Important information for proposers

All proposals must be submitted in accordance with the requirements specified in this funding opportunity and in the NSF Proposal & Award Policies & Procedures Guide (PAPPG) that is in effect for the relevant due date to which the proposal is being submitted. It is the responsibility of the proposer to ensure that the proposal meets these requirements. Submitting a proposal prior to a specified deadline does not negate this requirement.

Dear Colleague Letter

Non-Academic Research Internships for Graduate Students (INTERN) Supplemental Funding Opportunity

Dear Colleagues:

Fostering the growth of a globally competitive and diverse research workforce and advancing the scientific and innovation skills of the U.S. is a strategic objective of the National Science Foundation (NSF). U.S. global competitiveness depends critically on the readiness of the Nation's Science, Technology, Engineering and Mathematics (STEM) workforce and NSF seeks to continue to invest in programs that directly advance this workforce. As part of this effort, a supplemental funding opportunity is available in fiscal years FY 2021 and beyond to provide graduate students with experiential learning opportunities through research internships to acquire core professional competencies and skills to support careers in any sector of the U.S. economy. NSF currently invests in a number of graduate student preparedness activities and has historically encouraged principal investigators (PIs) to include such activities in research proposals to NSF. This Dear Colleague Letter (DCL) describes funding opportunities at NSF to ensure graduate students are well prepared for the 21st-century STEM workforce.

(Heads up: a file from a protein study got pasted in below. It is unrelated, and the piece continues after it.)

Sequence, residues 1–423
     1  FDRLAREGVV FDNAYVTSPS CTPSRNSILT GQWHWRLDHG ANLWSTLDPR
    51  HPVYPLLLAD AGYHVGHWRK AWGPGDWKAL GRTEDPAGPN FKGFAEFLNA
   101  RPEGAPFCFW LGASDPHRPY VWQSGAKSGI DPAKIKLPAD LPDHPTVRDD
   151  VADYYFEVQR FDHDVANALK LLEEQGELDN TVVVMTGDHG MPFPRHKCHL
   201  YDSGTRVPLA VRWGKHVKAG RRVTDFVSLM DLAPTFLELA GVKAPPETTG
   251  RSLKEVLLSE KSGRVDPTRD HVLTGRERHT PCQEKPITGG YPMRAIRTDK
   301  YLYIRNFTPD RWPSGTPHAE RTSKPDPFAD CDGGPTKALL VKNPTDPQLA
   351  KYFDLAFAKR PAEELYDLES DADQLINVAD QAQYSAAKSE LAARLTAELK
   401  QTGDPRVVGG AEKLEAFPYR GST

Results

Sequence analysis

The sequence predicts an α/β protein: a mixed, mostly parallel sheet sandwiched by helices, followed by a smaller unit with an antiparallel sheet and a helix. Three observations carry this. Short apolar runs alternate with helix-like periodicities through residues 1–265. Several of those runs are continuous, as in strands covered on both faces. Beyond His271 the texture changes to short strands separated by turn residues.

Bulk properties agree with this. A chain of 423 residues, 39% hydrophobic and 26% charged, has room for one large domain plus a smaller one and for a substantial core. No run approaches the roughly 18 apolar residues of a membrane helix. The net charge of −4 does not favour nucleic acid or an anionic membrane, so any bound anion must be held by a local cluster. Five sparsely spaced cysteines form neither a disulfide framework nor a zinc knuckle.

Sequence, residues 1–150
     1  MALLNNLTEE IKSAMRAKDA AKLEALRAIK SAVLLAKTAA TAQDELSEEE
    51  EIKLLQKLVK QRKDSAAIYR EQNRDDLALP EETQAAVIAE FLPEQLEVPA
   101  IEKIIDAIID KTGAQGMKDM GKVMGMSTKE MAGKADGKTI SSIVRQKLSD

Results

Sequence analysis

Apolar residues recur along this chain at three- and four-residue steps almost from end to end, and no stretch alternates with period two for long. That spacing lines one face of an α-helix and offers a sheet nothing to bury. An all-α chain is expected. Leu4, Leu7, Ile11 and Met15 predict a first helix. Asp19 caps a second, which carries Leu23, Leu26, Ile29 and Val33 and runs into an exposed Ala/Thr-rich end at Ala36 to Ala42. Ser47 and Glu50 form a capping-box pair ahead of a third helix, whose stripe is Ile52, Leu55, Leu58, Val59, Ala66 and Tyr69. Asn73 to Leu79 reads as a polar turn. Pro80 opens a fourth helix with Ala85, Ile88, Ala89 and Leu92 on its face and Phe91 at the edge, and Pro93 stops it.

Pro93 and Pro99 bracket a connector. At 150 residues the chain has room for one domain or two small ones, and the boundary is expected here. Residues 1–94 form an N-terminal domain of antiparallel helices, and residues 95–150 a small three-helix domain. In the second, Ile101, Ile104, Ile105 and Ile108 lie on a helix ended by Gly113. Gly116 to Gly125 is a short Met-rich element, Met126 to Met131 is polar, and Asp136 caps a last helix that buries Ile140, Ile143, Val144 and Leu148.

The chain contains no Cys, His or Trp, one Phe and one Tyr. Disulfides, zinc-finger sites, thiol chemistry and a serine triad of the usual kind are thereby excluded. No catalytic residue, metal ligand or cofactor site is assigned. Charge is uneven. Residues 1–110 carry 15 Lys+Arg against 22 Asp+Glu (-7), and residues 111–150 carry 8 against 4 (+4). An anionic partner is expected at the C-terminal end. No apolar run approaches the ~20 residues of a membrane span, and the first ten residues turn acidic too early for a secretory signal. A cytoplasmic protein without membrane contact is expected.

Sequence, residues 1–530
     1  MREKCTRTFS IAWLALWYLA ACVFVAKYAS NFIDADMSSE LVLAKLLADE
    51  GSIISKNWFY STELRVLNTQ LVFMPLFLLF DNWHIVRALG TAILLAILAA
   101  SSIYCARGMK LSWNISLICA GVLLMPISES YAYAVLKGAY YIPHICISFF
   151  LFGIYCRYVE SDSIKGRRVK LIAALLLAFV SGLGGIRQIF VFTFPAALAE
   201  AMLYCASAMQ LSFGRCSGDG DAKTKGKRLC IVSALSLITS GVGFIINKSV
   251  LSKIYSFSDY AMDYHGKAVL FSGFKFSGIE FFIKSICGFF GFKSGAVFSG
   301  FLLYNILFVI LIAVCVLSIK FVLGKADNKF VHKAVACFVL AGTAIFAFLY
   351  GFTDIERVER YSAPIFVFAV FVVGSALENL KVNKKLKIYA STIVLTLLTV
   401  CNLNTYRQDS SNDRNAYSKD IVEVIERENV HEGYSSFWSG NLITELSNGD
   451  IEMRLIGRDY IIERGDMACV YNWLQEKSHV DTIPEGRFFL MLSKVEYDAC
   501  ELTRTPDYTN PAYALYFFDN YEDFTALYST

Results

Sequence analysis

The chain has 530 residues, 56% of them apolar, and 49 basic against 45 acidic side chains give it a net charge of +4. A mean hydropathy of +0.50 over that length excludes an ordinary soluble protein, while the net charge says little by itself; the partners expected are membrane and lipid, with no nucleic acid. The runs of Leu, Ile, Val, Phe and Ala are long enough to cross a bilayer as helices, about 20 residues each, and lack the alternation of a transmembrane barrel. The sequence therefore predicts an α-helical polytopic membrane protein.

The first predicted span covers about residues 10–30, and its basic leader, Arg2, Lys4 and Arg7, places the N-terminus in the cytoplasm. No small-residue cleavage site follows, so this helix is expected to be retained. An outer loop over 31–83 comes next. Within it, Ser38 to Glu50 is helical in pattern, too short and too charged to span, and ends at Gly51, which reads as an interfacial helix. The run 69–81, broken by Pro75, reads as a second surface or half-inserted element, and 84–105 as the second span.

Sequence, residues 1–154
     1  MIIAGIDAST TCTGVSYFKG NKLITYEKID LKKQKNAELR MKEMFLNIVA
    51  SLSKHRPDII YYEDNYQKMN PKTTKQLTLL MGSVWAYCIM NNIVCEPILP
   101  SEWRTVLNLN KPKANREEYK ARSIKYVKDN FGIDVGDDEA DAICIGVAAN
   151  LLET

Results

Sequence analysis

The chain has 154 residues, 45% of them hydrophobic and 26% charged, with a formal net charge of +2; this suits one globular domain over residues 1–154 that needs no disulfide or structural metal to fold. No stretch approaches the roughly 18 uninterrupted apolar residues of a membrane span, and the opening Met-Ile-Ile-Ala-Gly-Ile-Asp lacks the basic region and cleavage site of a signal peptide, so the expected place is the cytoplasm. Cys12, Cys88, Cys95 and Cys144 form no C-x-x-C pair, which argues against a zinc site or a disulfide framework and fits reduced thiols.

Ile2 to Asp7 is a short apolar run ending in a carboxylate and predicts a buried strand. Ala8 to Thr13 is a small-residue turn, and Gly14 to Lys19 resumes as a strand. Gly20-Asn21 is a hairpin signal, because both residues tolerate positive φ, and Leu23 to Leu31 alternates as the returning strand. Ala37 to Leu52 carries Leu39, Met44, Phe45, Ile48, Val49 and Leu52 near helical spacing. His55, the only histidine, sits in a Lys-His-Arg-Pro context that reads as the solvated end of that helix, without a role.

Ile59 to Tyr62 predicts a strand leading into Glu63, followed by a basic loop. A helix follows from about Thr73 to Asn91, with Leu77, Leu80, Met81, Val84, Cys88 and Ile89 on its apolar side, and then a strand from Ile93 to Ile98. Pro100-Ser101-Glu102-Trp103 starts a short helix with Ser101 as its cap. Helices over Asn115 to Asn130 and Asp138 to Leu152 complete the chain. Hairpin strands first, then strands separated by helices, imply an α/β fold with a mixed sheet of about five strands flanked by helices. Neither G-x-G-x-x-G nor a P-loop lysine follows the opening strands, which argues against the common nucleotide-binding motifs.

With rapidly accelerating changes in technology-driven global and national economies, today's graduate students will have a wide choice of career paths to pursue over their professional lives. NSF's 2020 Science and Engineering Indicators report reveals 81 percent of master's level STEM graduates and 57 percent of doctoral degree holders in STEM, work in industry or government. Graduate students have the potential to make important contributions in careers outside academia, in organizations that include: startup businesses, small and large corporations, government agencies, and non-profit organizations. In addition, the National Academies Graduate STEM Education for the 21st Century (2018) report further highlights the need for graduate students to acquire core professional competencies and transferable skills through experiential learning opportunities such as internships. It is therefore important that graduate students supported by NSF grants be provided training opportunities to develop skills that prepare them to be successful for a broad range of academic and non-academic career paths. In addition to deep and broad preparation in their technical areas of expertise, experience working in collaborative teams and with diverse individuals, skills and knowledge in communication, innovation and entrepreneurship, leadership and management, policy and outreach are becoming increasingly valuable for all sectors of the workforce.


NSF will consider supplemental funding requests for up to an additional six months of graduate student support on active NSF grants with the following goals:

  1. To provide graduate students with the opportunity to augment their research assistantships or NSF Graduate Research Fellowship Program (GRFP) fellowships with non-academic research internship activities and training opportunities that will complement their academic research training;